Terrible Twos? Try the tantrum threesHeather Turgeon
Recently, my two-year-old, my husband, and I were spending a Sunday morning with close friends and their four-year-old. My son was in rare form – easily frustrated and crying when a Lego fireman didn’t fit properly into the front seat of a truck, indecisive about which cup he wanted and in tears over each option: “The green one! No, the fishy one!”
It’s been a familiar state of affairs for the last couple of months. But our friends basically laughed it off: “He’s still so little and cute,” they said. “And you have no idea how easy it is compared to what’s coming.”
I hear it all the time ” the terrible twos might be hard, but three is a whole new ballgame.
Stories from the trenches of three-year-old parenting are so similar to each other it’s uncanny. Little preschoolers are way more aware of the world, dialed-in, and skilled at negotiating. Whereas distraction or redirecting might work to sooth the angst of a two-year-old, a year later that same little person will dig in her heels and fight, using her newfound powers of clever bargaining and button-pushing.
For example, my friend recounts, when TV time is over and she reminds her three-year-old son it’s time to turn it off, he comes back with, “But Mickey Mouse comes on now. I’ll just watch a few minutes.” She turns off the TV. He turns it back on. After a number of rounds, she warns that a timeout is impending. “Well I like timeouts because I like to watch the numbers on the clock change while I’m waiting!”
Yes, this sounds trickier than what happens in my house. My son gets heated about having to stop an activity, and it can lead to tears and occasionally a dramatic collapse on the ground but not this level of mental and verbal finagling.
Another friend tells me that her daughter figured out that peeing in bed at naptime guarantees her a visit from mom, so shortly after tuck-in time a sneaky voice calls out, “Mom-my, I’m about to go pee pee in my pull-up…”
And all my friends with three-year-olds say that bedtime is where the most brilliant haggling begins. “She knows exactly what to say to get me back in the room,” says one. You leave and the covers come off. She cries that her covers are off. Re-tuck. She’s thirsty. Fill a glass. Go back in because the water is not at the specified level. She throws her Big Bird. She needs her Big Bird!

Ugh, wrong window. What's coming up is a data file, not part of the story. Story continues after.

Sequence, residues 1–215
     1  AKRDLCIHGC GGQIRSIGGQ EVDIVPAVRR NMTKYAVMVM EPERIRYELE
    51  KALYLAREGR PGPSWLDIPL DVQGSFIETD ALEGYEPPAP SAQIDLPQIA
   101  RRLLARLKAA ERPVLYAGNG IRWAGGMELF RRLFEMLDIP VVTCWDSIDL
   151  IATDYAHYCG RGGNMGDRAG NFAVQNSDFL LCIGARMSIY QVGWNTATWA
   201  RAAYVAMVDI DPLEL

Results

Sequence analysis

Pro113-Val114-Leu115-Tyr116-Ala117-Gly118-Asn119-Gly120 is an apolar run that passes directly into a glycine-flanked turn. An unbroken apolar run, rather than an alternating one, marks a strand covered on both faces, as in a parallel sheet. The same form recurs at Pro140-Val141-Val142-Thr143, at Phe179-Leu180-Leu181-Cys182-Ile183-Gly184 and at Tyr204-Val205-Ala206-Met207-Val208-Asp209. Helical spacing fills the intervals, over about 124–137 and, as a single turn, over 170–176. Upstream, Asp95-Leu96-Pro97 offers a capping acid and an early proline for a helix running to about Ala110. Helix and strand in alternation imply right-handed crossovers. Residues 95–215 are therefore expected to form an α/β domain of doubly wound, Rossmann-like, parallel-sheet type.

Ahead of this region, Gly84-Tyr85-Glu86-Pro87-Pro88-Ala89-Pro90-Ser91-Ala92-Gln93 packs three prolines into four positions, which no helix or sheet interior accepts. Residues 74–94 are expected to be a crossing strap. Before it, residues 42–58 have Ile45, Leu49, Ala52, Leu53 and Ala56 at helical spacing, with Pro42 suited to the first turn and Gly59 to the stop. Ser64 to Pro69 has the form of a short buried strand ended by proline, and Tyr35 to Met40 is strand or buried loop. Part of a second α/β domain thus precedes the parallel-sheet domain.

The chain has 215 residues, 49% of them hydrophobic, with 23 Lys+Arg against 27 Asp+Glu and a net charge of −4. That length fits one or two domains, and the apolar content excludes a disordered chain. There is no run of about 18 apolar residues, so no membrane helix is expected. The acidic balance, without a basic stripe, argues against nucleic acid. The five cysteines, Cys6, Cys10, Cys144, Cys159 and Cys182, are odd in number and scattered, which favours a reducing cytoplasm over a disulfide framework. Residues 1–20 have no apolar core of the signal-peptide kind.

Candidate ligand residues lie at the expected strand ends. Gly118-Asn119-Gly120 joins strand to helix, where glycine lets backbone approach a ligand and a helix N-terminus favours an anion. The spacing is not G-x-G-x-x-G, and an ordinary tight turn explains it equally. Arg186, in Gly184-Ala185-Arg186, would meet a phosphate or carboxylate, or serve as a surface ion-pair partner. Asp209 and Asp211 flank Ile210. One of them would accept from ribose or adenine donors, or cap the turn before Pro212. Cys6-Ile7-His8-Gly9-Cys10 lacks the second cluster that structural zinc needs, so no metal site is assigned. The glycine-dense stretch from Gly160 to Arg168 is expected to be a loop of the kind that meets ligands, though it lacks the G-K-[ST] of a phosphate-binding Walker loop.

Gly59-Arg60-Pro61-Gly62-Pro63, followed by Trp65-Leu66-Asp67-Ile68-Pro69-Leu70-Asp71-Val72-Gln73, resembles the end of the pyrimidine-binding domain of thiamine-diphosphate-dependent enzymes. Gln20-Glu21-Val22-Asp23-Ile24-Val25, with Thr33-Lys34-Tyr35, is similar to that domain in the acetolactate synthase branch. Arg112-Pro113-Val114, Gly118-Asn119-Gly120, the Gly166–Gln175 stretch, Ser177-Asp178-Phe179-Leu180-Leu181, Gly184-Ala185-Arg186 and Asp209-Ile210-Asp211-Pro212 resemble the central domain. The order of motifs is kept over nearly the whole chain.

The brain of a three-year-old
The way I see little preschoolers (and the way it might help parents to think about them in tough times) is that they’ve got the burgeoning smarts of a child, but still the emotional skill of a toddler. When you consider what’s going on in the brain of a child this age, it’s no surprise that being with a three-year-old is a parenting rollercoaster.
Counter to what you might expect, children have far more neural activity than adults do. Until age two or three, brain cells connect to each other at a breathtaking speed – approximately 1.8 million synapses (bridges between neurons) are formed per second. By the time a kid is in preschool, the brain has around twice the number of connections as the adult brain.
The first few years of life are a matter of wiring up and joining neurons, and then from early childhood on, the use-it-or-lose-it principle determines which connections stay and which are lost (20 billion synapses wither away every day until adolescence). It’s actually in this process of losing certain pathways and strengthening others that skills and personality are truly formed.
In other words, the mind of a preschooler is a hotbed of activity, some of it random and chaotic. And, unfortunately, skills for self-control are some of the last to develop. Sensory and motor regions are relatively advanced by toddlerhood, but emotional regulation takes many more years of cutting back and solidifying the right networks.
Three-year-olds are intellectually very advanced little creatures – masters of climbing and jumping, able to imagine and dream, and verbally sophisticated. But the brainpower that will eventually be used to direct, temper, and oversee all this hustle and bustle is comparatively immature.
Part of what makes them difficult is that they are so self-assured and full of personality. In fact, one of my friends said that when her son stands his ground (even when it’s over buying new Thomas the Train underwear), it makes life more difficult for her, but she appreciates his assertiveness.
I’m looking at my son – who alternates between cracking me up with his new musings on life and making me want to rip out my hair when he refuses to listen or bosses me around – and I’m wondering what he’ll be like next year. I’m kind of excited – and kind of nervous to find out.